So I don’t infringe any copyright rules – I wish to first provide you with the source of my information – the instructions come from the ‘Cooper Import Company’ they are importers of hand crafted wine barrels and they are located in 23 Nicholson Street, Abbotsford, Victoria Australia.

This is suitable for the storage of Port or Spirits, but unsuitable for red or white wine which has not been fortified.

This is based on brand new barrels that have not been used.

Preparing the Barrel

  • When you buy a barrel it has often been sitting on the shelf for some time and the oak may have dried out considerably, to give the timber some hydration, fill it with water.
  • If the barrel leaks, leave the water in it for the oak to ‘take up’ moisture and stop the leaking.
  • Empty the barrel and let it drain completely
  • Pour into the barrel a quarter of a bottle of Old Tawny Port, roll it around several times and empty it out
  • Fill it with the Port you have selected or blended to be kept in the barrel
  • If the barrel still leaks empty the Port out, refill it with water and leave until the leaking stops. In most instances this will not be necessary.
  • Remember that patience is necessary at this stage, and is the key to successfully preparing the barrel.
  • Never immerse the barrel in water as this will turn it black

So there you have it, pretty simple isn’t it. I don’t know what really happens after that but mine has water sitting into it as I am writing this and I will be getting some Tawny for it tomorrow. Let the years roll on. I have heard that that after a while of putting port into the barrel that it gets a film on the inside of the barrel and assists the new ports that are added over time to have better flavours, even not particularly good ports can improve after being in a matured port barrel.

On the instruction sheet that I was given with the port barrel it has named a couple of port blends that can be used and I dont mind sharing them:

Dry – Fairly alcoholic style

  • Three and a half bottles of Tawny port
  • One bottle of Fino Sherry (very dry)
  • One bottle of St. Agnes Brandy (375ml)

Sweeter, less alcoholic style

  • Four bottles of Tawny port
  • Half a bottle of Fino Sherry (very dry)
  • One bottle of St. Agnes Brandy (175ml)

Please note:

  • The blend can be sized up or down depending on taste and the volume of the barrel which does not have to be full
  • The blend will take time to marry in and provide a smooth drinking port. Some evaporation of the contents should be encouraged, as this hastens the marrying in process.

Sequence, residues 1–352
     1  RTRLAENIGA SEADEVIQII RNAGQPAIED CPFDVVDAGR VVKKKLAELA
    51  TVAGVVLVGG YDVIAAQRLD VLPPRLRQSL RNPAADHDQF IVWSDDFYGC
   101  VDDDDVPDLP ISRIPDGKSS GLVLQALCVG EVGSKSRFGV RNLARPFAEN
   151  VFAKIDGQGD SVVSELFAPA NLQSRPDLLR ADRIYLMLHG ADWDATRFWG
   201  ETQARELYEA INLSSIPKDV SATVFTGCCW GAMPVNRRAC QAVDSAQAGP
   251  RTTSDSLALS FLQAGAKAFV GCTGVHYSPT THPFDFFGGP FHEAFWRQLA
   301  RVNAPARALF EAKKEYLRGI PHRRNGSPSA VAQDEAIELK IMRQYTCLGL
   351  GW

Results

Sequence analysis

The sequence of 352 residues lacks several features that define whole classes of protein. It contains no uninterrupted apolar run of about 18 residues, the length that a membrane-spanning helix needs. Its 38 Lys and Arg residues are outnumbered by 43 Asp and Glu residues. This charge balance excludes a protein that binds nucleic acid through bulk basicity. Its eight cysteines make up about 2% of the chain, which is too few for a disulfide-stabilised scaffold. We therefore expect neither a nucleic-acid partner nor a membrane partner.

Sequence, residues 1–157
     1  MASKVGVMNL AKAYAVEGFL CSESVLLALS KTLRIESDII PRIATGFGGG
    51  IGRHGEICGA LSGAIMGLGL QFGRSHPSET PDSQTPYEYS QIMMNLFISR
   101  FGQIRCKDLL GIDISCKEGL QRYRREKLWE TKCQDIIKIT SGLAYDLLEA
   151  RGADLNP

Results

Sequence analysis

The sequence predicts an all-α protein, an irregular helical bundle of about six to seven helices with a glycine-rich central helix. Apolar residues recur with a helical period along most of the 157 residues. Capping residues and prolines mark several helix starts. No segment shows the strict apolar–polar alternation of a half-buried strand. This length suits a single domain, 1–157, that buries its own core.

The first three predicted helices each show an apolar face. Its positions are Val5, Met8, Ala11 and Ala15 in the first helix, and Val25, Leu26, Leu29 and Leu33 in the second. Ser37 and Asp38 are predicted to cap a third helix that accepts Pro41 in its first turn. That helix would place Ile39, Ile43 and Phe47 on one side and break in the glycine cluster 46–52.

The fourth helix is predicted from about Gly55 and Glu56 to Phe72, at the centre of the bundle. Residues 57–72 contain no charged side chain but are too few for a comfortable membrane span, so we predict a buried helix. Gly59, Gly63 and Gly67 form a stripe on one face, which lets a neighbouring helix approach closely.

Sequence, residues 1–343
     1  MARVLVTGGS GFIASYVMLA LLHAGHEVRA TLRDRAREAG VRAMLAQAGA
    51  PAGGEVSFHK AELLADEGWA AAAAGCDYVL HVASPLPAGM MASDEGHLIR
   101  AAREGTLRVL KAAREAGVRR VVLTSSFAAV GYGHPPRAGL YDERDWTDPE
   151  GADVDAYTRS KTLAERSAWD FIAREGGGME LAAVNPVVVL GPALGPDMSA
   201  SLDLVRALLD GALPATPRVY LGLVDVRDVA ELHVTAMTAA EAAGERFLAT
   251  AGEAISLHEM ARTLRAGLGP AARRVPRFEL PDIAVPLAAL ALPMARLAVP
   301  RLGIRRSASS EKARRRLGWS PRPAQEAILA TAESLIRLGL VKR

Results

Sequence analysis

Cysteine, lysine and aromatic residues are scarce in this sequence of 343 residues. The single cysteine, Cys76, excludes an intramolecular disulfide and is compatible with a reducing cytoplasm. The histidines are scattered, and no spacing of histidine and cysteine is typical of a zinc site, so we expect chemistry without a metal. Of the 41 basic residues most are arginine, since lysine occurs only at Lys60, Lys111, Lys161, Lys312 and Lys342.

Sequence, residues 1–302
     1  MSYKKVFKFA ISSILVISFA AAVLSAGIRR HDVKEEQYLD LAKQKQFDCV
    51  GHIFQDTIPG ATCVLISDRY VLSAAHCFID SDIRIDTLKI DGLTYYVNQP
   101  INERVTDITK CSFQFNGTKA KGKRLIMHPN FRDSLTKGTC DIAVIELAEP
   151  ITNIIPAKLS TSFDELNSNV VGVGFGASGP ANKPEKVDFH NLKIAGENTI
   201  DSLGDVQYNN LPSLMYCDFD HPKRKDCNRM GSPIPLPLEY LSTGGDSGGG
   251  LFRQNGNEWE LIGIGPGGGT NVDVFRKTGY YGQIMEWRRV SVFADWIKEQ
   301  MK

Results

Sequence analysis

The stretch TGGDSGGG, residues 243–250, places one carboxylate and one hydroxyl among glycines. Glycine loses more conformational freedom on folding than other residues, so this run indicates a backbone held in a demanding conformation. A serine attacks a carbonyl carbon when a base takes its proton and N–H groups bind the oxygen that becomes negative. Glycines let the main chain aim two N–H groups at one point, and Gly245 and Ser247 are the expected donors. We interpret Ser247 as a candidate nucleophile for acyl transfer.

• You should also try other blends such as specialised liqueurs, spirits and other suitable liquors.

I think it is just trial and error and time that will put your barrel in good stead. Enjoy your journey. Let me know how you go.

I wish to thank the person who placed a comment on my blog about the flat pack furniture entry. The person made the comment that people are buying IKEA or flat pack furniture because it is cheap and able to be thrown away after a few years of use. The reader made the comment that this has an impact on the resources and the energy used to make the furniture, and that they would prefer ‘proper’ timber to be used to make furniture that lasts for years.

With the comments made, I do agree in part, yes it is difficult living in a throw-away society where things are cheap and not as valued as they ‘used to be’. With this perspective, I would like to point out that generally, furniture made for the market and the likes of IKEA are from plantation timbers and pulped timber products which have been planted specifically for the use in timber products. These trees grow very fast and the WHOLE tree is used in the manufacture of the timber product. This form of timber manufacture does also create a lot of jobs, from growers, to truck drivers, to yard persons, to dock and port workers, to timber manufacturers to retail employees etc etc.

On the other hand, hard wood timbers used for ‘proper’ furniture that lasts a long time, often comes from non-renewable sources, where the tree is cut down and only a portion of the tree can be used and the rest is wasted. These trees are very old and take years to grow back IF there is a replanting regime in place. I am happy to say that I think timber growers are becoming more responsible these days and when they knock over trees for use, they are planting 1 – 10 trees in its place which should assist us to have enough timber for future generations.

Having a keen interest in timber and timber products I think it is good that we have options like flat pack furniture that come from renewable sources and are easy to produce, but we also have the option for good solid (hard wood) timber. Keeping in mind that hard wood timber products are extremely expensive and out of reach for many families.
So thanks to the person who spent the time to not only read my blog but to leave a comment, I hope you come back and read this response too. Timber is a great product and can be enjoyed in many forms.